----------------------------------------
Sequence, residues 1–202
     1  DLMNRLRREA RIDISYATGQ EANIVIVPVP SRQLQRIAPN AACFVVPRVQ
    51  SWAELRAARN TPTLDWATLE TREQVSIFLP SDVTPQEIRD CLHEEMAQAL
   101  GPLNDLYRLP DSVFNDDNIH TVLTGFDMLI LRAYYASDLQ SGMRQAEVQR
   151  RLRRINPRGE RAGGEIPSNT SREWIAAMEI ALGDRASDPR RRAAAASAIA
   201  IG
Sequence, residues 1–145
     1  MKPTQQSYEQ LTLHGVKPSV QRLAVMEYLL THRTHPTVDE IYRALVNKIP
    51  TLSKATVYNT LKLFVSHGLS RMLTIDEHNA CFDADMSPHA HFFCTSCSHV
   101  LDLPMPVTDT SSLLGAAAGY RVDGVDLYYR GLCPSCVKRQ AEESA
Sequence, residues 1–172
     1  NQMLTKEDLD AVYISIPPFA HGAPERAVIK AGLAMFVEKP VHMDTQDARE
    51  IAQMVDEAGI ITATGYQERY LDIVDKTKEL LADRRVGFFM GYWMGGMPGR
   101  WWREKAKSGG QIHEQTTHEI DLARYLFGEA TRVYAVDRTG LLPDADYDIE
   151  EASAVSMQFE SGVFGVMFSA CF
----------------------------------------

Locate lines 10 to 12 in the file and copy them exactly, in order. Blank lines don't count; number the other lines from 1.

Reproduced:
   101  LDLPMPVTDT SSLLGAAAGY RVDGVDLYYR GLCPSCVKRQ AEESA
Sequence, residues 1–172
     1  NQMLTKEDLD AVYISIPPFA HGAPERAVIK AGLAMFVEKP VHMDTQDARE